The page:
Winter officially begins on December 21 – the shortest day of the year in the northern hemisphere. The winter solstice is the day that the north pole tilts as far away from the sun as it will get on earth’s annual journey round our star. On December 22 the pole starts to tilt towards the sun and we’ll gain 2 to 3 minutes of additional light each day until we reach the summer solstice in June.
Technically it’s still autumn, but it feels like winter arrived with the first dust of snow this week. A skiff of new snow is a blank page in the Nature Park journal where animals record their activities. Footprints, wingprints or the remains of a meal show who passed by and what they were up to.
Wingprints from an owl that overlap the tracks of a mouse record a close call for the mouse. Is that a drop of blood? Maybe the mouse didn’t get away after all.
A scattered tuft of feathers record the final moments of a small bird that was surprised by a hungry hawk. Or maybe it was a near miss and the bird escaped without its tail.
Coyotes and raccoons are comfortable around people and their winding trail of footprints often come to the door of the Nature House–just to check for an edible tidbit that might have fallen from someone’s pocket.
The smallest animals record their presence on a new snowfall, too. Tiny insects and spiders that overwinter in the forest canopy may be blown down by the wind or winkled out of their hiding place by the prying beak of a sharp-eyed bird.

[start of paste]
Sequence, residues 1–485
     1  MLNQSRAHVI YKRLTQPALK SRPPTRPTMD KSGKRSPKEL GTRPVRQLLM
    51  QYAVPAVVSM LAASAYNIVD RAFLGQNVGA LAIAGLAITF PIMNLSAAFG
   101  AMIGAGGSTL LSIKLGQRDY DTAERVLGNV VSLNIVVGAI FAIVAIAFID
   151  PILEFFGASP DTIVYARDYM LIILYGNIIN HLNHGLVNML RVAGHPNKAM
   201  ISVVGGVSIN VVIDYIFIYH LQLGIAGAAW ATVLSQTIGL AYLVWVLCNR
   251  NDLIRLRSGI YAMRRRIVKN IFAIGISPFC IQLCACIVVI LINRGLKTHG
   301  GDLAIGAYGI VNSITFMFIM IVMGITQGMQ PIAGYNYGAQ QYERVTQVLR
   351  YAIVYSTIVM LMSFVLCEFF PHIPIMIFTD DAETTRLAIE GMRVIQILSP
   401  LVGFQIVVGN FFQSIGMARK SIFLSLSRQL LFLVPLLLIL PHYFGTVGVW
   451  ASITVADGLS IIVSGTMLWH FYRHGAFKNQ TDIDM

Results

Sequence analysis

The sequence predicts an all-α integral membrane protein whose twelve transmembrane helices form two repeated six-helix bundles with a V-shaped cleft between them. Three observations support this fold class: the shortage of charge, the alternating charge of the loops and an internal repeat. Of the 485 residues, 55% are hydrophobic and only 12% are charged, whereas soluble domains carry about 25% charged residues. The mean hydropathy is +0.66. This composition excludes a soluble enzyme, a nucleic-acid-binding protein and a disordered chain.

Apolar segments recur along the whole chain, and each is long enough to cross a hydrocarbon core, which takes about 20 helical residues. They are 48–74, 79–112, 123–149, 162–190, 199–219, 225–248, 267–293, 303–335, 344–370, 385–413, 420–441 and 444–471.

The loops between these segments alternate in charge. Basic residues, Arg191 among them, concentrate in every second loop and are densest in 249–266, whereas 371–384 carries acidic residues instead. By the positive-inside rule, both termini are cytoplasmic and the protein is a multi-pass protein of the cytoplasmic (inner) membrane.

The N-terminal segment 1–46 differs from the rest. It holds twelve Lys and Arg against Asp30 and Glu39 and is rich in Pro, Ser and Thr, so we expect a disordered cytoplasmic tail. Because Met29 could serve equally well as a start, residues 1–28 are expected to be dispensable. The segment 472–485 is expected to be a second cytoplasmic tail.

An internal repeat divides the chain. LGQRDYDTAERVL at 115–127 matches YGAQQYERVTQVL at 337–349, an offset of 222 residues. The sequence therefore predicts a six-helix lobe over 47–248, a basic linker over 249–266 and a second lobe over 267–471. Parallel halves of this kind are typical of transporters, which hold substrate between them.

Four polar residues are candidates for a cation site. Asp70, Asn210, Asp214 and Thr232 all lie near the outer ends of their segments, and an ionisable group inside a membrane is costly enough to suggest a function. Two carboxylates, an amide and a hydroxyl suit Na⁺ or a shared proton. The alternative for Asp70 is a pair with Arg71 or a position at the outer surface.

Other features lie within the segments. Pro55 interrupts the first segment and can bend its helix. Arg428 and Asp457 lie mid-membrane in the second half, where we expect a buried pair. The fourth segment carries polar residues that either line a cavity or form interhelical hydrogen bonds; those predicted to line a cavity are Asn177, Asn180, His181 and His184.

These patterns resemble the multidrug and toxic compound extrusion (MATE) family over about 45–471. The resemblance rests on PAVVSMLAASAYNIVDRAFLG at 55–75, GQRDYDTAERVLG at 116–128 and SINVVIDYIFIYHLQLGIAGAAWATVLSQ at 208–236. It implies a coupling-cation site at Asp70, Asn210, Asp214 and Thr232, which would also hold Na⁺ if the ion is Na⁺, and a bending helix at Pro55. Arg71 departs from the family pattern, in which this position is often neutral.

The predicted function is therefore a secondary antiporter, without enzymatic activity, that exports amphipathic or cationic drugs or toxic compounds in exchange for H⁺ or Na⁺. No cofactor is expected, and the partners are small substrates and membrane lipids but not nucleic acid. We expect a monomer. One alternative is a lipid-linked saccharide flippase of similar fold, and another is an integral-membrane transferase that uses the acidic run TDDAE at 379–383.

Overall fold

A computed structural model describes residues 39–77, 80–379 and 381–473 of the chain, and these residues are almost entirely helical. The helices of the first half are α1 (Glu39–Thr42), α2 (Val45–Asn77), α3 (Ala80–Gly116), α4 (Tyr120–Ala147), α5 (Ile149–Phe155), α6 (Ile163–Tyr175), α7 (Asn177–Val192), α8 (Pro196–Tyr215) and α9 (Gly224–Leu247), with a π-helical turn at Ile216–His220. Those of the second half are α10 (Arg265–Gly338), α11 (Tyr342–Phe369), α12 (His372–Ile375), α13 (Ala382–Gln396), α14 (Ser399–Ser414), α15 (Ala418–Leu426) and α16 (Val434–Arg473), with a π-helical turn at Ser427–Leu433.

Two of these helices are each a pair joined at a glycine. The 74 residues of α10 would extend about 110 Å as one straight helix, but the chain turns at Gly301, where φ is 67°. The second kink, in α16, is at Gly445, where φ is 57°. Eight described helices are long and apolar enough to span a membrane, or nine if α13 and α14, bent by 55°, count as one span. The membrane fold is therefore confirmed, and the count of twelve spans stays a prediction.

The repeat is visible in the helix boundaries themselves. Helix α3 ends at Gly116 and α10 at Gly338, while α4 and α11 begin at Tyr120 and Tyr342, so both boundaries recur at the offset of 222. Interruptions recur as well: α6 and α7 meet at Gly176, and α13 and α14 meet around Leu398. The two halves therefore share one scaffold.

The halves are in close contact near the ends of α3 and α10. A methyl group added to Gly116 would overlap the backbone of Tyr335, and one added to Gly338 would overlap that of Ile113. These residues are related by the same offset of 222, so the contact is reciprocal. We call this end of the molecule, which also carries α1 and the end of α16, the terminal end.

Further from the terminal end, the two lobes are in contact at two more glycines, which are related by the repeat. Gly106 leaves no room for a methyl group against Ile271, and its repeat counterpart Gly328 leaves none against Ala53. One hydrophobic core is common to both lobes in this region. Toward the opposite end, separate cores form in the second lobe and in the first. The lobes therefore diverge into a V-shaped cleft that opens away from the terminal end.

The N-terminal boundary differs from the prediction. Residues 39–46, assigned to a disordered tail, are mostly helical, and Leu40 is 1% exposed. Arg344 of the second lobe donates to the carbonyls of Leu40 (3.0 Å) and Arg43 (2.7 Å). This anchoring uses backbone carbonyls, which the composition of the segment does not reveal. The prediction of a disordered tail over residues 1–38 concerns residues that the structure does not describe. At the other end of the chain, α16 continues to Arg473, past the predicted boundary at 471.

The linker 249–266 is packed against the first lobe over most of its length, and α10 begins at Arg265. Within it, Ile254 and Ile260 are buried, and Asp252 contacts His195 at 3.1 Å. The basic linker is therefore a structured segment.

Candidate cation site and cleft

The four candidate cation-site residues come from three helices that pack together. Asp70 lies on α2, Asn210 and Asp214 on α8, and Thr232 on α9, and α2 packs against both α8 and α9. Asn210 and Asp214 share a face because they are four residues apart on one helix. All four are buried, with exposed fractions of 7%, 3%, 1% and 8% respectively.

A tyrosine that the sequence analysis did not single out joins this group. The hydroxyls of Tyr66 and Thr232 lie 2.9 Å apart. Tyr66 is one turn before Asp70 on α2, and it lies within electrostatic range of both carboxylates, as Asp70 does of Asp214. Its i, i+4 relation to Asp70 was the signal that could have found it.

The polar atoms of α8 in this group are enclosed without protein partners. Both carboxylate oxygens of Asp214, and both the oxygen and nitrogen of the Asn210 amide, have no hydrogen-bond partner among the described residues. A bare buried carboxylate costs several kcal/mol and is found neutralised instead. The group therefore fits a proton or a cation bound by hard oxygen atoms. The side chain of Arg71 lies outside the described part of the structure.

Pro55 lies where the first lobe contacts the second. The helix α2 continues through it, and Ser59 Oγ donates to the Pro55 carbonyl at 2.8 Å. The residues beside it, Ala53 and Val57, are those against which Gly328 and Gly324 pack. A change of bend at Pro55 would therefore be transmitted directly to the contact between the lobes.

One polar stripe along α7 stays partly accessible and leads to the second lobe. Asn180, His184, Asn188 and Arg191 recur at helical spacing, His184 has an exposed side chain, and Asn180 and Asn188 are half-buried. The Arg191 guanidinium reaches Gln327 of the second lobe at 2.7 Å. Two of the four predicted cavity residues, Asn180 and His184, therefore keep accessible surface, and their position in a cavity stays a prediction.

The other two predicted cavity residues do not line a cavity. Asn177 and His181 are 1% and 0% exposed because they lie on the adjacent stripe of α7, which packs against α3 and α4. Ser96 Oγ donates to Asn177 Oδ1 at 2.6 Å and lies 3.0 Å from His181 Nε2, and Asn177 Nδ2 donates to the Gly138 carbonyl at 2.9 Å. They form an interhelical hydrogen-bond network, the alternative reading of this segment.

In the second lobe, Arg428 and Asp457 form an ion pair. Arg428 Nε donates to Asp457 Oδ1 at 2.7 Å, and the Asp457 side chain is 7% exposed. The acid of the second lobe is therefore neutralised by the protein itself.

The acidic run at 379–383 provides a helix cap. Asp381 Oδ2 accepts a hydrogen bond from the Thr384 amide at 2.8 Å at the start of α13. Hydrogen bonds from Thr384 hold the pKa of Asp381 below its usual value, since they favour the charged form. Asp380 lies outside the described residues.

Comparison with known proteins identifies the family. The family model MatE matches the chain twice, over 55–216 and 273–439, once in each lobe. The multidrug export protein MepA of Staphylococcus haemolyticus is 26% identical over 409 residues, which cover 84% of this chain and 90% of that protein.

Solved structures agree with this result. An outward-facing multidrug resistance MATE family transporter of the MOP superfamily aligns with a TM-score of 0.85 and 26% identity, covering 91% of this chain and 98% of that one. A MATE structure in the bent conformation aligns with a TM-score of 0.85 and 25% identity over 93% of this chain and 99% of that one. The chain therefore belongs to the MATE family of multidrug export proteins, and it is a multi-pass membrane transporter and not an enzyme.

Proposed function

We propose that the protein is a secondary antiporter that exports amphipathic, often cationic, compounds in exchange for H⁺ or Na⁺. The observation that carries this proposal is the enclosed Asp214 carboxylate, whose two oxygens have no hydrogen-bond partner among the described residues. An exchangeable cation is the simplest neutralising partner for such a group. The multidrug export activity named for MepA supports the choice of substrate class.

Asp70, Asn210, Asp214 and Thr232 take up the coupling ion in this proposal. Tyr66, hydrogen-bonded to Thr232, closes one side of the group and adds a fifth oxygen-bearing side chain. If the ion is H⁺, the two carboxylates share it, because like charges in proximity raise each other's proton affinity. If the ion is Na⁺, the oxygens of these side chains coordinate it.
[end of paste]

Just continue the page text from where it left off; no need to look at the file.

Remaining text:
Plants leave a record in the snow, too. Seeds that fall from trees and shrubs can be identified by their unique shapes and structures, like wings that aid their dispersal. Only a few seeds will ever germinate and grow into a new plant–the vast majority provide a nutritious meal for the myriad of small animals that remain awake in winter. Watch for signs of a Douglas squirrels’ dinner–they specialize in getting the seeds out of pine cones and will leave little piles of scales and cone “cobs” wherever they have dined.
The Nature Park is open every day and in all weather. We invite you to dress warmly and explore the park in winter.
Posted by Kristine Bauder
Nature Park Coordinator